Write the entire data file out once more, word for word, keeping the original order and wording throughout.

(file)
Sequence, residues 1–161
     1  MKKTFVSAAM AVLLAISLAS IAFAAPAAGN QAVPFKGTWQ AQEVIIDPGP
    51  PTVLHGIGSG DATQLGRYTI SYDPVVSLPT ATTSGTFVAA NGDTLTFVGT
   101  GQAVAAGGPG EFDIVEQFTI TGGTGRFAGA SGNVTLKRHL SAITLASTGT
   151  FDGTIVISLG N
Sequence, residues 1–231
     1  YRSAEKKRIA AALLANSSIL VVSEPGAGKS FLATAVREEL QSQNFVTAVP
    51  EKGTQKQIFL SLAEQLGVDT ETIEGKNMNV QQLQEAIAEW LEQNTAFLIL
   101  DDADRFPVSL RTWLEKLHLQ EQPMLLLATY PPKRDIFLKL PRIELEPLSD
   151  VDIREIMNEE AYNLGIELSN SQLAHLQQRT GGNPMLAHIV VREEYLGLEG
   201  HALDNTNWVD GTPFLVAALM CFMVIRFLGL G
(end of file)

Sequence, residues 1–161
     1  MKKTFVSAAM AVLLAISLAS IAFAAPAAGN QAVPFKGTWQ AQEVIIDPGP
    51  PTVLHGIGSG DATQLGRYTI SYDPVVSLPT ATTSGTFVAA NGDTLTFVGT
   101  GQAVAAGGPG EFDIVEQFTI TGGTGRFAGA SGNVTLKRHL SAITLASTGT
   151  FDGTIVISLG N
Sequence, residues 1–231
     1  YRSAEKKRIA AALLANSSIL VVSEPGAGKS FLATAVREEL QSQNFVTAVP
    51  EKGTQKQIFL SLAEQLGVDT ETIEGKNMNV QQLQEAIAEW LEQNTAFLIL
   101  DDADRFPVSL RTWLEKLHLQ EQPMLLLATY PPKRDIFLKL PRIELEPLSD
   151  VDIREIMNEE AYNLGIELSN SQLAHLQQRT GGNPMLAHIV VREEYLGLEG
   201  HALDNTNWVD GTPFLVAALM CFMVIRFLGL G